While the country is faced with a six-year low growth of GDP and economic slowdown, ahead of the revelation of the ‘feel-good’ Union Budget for the FY2020-21 by FM Nirmala Sitharaman, Express Food & Hospitality compiled the views of what industry stalwarts are expecting from the budget.
Anurag Katriar, president, NRAI, voiced, “The Foodservice industry has been going through some tough times recently and we are hoping that the upcoming Union Budget will address a few of them. Firstly, we strongly seek restoration of input tax credit on GST for our industry. At least give us an option to choose either lower rates without ITC or a higher rate with ITC. The losses on account of denial of ITC has made a crippling impact on our financials. It is also hurting fresh investments into the sector because the CAPEX for a new place has gone up significantly. Secondly, we feel that if India has to realise it’s dream of being a $5 Trillion economy, we need to expand the business hours. Opening up the nightlife space will help us a lot in this regard. This may be slightly complicated because law and order is a state subject but I am sure that the Union government can draw out a roadmap for this. Thirdly, we believe that with online consumption on a rise, the budget should come up with some strong and fair e-commerce guidelines and laws to protect the industry against the predatory practises of most e-commerce players. Lastly, creation of a separate ministry for the F&B industry will go a long way in helping this industry grow. We are an industry of significant size and we employ around 7.30 million people in our trade and this can grow at a very fast pace.”
Vineet Verma, CEO and executive director, Brigade Hospitality Services, commented, “We appreciate that with a long list of other priorities at hand, Tourism does not necessarily list among the top three. But we still hope that a dedicated thrust is given to further promoting Tourism in India. It is one of the largest employment generators and has the potential to place India among the top five tourism destinations in the world. The spirit of ‘Atithi Devo Bhava’ should be extended to cover the allocation of resources to impart soft skills training at all Tourism touch-points. We welcome the move to identify and develop new destinations but it is critical that we also focus on improving connectivity & infrastructure at our existing locations.”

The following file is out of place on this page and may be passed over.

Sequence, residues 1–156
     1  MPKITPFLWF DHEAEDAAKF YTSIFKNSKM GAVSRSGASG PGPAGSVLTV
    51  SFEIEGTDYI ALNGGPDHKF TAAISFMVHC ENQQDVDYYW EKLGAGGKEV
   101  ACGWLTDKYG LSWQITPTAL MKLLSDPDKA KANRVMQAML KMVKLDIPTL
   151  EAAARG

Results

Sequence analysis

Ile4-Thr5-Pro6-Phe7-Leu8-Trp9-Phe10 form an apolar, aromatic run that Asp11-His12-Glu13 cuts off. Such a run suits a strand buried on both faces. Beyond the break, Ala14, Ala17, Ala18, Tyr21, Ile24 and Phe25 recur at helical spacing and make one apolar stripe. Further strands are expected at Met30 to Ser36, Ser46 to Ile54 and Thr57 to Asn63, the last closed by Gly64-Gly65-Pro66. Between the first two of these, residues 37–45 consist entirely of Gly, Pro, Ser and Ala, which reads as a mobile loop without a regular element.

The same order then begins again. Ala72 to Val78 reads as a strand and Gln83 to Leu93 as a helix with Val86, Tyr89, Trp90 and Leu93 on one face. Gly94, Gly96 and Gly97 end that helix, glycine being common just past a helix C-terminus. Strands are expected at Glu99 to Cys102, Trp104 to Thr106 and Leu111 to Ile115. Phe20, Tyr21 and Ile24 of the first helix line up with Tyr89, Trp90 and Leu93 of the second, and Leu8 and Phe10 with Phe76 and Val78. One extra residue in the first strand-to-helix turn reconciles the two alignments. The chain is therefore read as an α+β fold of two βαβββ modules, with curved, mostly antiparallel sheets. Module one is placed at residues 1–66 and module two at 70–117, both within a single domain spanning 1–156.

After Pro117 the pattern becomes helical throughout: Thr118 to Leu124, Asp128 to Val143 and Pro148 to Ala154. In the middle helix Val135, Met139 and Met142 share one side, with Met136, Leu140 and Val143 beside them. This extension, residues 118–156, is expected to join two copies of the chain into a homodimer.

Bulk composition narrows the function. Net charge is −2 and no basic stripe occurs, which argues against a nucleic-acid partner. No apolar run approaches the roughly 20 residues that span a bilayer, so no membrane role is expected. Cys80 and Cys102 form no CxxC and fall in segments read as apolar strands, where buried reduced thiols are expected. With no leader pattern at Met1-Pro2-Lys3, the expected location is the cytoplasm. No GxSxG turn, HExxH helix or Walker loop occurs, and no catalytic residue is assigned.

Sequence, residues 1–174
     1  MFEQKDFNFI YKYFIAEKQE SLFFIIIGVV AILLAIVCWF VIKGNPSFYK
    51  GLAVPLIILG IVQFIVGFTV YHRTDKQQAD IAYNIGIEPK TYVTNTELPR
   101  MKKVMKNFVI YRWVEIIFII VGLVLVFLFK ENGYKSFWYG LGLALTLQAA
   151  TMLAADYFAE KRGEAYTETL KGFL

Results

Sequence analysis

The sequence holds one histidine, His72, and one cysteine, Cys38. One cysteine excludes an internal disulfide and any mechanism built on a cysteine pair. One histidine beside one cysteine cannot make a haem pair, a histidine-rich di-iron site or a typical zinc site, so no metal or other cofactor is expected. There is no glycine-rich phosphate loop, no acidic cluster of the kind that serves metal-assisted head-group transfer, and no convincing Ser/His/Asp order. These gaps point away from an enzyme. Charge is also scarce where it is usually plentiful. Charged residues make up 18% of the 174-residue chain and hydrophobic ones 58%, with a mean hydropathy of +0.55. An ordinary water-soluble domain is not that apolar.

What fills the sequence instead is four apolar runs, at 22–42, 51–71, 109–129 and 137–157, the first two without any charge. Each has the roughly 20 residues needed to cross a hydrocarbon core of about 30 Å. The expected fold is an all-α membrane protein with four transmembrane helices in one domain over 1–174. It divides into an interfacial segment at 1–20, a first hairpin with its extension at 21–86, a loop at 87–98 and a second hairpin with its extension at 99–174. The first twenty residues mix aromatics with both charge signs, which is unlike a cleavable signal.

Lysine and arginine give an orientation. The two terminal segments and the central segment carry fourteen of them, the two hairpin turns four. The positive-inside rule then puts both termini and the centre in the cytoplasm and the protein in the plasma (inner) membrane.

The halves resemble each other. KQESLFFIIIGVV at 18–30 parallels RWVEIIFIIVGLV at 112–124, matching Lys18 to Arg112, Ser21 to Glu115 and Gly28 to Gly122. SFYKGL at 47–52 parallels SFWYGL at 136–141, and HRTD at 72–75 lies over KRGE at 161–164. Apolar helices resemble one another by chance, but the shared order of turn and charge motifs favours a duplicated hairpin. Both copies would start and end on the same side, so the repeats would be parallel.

Shwetank Singh, VP, Development and Asset Management, InterGlobe Hotels, said, “One of our major demands as an industry continues to be infrastructure status for hotels with a capital expenditure of Rs 50 crores. Since the GST regime has been established, the cost of construction has gone up by 8-10 per cent as the entire civil structure is treated as immovable property. We are hoping to get the option to claim the input tax credit on GST for this. Also, the industry has struggled with variation in bylaws, approvals, and licenses, which is why a nodal body is required. This will help us in terms of having a proper time-bound escalation mechanism. With these main areas of standardisation we are expecting a positive Union Budget 2020 which keeps the tourism agenda at the core of economic growth.”
Dr Ankur Bhatia, executive director, Bird Group – parent organisation of Roseate Hotels & Resorts, expects a full-blown infrastructure status for the hotel sector, further rationalisation of Goods and Services tax (GST) on hotel rooms and creating an incubation fund by the government for small and medium tourism entrepreneurs in India, from the budget 2020.
Pushpendra Bansal – COO, Lords Hotels and Resorts, feels the government should strengthen its initiatives to create sustainable hospitality. “They should also waive off tourist visa fees for a shorter period to increase outbound tourism. Another important aspect is the lack of adequate infrastructure. The focus should be on developing amenities like building good quality roads, constructing public restrooms on highways and petrol stations that makes road trip safe and women-friendly,” he added.
Sarbendra Sarkar, founder and MD, Cygnett Hotels & Resorts, said, “The budget should have incentives for setting up hotels in far-flung areas. India has a lot of foreign and domestic tourist potential beyond the well-known destinations. However, these locations lack basic tourism infrastructure including good hotels. The budget should promote that. I also want the government to extend tax benefits and develop new schemes to promote inbound tourism which was not evident in the previous year.”
Vikram Kamat, founder chairman, VITS Kamats Group said, “Room Tariffs can further be simplified. If all hotels and restaurants complied to one single rate it will be much easier. For instance, room tariff and breakfast tariff are charged separately. A single rate for all rooms including breakfast would be preferable for all category hotels. I would be delighted to see changes in the Input Tax Credit. Availing Input Tax Credit would encourage standalone restaurants to buy directly from vendors who would again be paying taxes. We have very rarely heard any mentions of tourism and or hospitality in the past budgets. We look forward to hearing some good push for tourism industry especially in countries frequently travelled by Indian tourists.”